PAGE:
"intent": "changeIntensity",
"slots": {
"location": "living room",
"intensity": "up"

The keys “isUnderstood”, “slots”, and “intent” will always be present in the output. The structure of the slots and the names of the intents will depend on the context (slots capture specific variables from speech, in this case e.g. which room to change the lights in).

This particular output is specific to the smart lighting demo. See this file to understand the complete structure of the lighting context. The context is also available as a starting template “Smart Lighting” for Picovoice Console, allowing you to make changes and as test them in the Console as you iterate.

if (information.isUnderstood === false) {
} else {

Once we detect an intent, we reset wakePhrase to false, as the manager has switched audio input back to the wake word engine and is ready to detect new events. Now we can use the results of the speech-to-intent engine and make the application logic reflect the user’s intent.

const intent = information.intent
const slots = information.slots
const location = slots["location"] === undefined ? "all" : slots["location"]
if (intent === "changeLightState") {
const state = slots["state"] === "on" ? true : false
} else if (intent === "changeLightStateOff") {
} else if (intent === "changeColor") {
const color = LIGHT_MAP.get(slots["color"])
if (location !== "all") {
} else if (intent === "changeIntensity") {
const dir = DIRECTION_MAP.get(slots["intensity"])
changeIntensity(location, dir)
} else if (intent === "reset") {
const resetAspect = RESET_MAP.get(slots["feature"])
if (location === null || location === undefined) {
if (resetAspect === ASPECT_COLOR) {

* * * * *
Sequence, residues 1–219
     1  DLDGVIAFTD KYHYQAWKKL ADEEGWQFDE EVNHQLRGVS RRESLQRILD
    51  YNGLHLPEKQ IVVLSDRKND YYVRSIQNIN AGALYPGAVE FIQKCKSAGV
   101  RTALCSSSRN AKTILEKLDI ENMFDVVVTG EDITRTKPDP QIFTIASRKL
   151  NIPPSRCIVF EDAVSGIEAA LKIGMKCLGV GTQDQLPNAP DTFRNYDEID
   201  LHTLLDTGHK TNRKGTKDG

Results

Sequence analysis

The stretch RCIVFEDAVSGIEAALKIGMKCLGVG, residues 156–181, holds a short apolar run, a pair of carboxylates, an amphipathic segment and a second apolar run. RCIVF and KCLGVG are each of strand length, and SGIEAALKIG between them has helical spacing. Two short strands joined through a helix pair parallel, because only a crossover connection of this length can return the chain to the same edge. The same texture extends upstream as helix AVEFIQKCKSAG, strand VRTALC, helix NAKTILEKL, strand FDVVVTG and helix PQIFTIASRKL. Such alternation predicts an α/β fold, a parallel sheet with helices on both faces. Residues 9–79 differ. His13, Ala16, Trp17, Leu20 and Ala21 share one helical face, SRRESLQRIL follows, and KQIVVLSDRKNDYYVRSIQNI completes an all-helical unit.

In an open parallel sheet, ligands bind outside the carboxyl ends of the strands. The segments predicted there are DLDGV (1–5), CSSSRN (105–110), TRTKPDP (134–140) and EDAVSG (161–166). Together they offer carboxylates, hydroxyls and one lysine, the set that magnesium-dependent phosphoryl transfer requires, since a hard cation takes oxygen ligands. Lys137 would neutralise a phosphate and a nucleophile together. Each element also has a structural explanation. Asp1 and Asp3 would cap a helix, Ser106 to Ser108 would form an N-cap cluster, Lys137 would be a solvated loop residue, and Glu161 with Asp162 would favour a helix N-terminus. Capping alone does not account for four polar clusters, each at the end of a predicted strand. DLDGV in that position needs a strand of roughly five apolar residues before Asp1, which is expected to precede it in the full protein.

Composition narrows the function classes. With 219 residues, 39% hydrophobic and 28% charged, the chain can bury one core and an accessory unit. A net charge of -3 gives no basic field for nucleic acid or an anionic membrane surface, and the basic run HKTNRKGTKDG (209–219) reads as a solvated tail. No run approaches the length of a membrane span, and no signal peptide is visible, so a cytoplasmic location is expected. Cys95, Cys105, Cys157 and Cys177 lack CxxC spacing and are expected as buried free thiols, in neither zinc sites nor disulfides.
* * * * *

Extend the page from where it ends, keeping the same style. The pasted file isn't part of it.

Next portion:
} else if (resetAspect === ASPECT_INTENSITY) {
} else {
if (resetAspect === ASPECT_COLOR) {
} else if (resetAspect === ASPECT_INTENSITY) {
changeIntensity(location, "reset")

Here is where the magic happens: intent handling. We have five intents that need to be handled differently: changeColor, changeIntensity, changeLightState, changeLightStateOff, reset. Within each intent, different functions have to be invoked, depending on the particular slots.

We store the different functions in a map, and get them based on the location in the slots and then invoke them here. The maps store functions that alter the state of the App component. There are many moving parts and many many states to keep track of which are beyond the scope of this tutorial. See the source to understand how it works in more detail.

Using the Effect Hook With The Event Handlers

Some intents may need access to the application state. For example, for the command:

"brighten the light in the living room"

We first have to check if the current intensity of the living room is at maximum. The inferenceEvent function will capture the initial values of the state, but not the new values that come from subsequent updates. The manager will be calling a function with stale state and the logic will break.

We need to refresh the callbacks whenever there is a state change using the React Effect hook. The Effect Hook lets you perform side effects in function components. By default, it runs on render and on every update. We create an effect hook with useEffect, and it takes in two arguments: the function to be run, and a dependency array.

useEffect(() => {
demo.refresh(initEvent, keywordEvent, inferenceEvent)

We do not pass a second argument, so that the effect hook runs on every update.

Adding Some Style

First, we create CSS definitions for the two different states:

.house .lights {
fill: none;
stroke: none;
#living-room.on {
fill: url(#livingRoomGradient);

And then make the className of the corresponding component be dependent on a state.

className={`lights${livingRoomLightState ? " on" : ""}`}

What's Next?

Issue with this doc? Please let us know.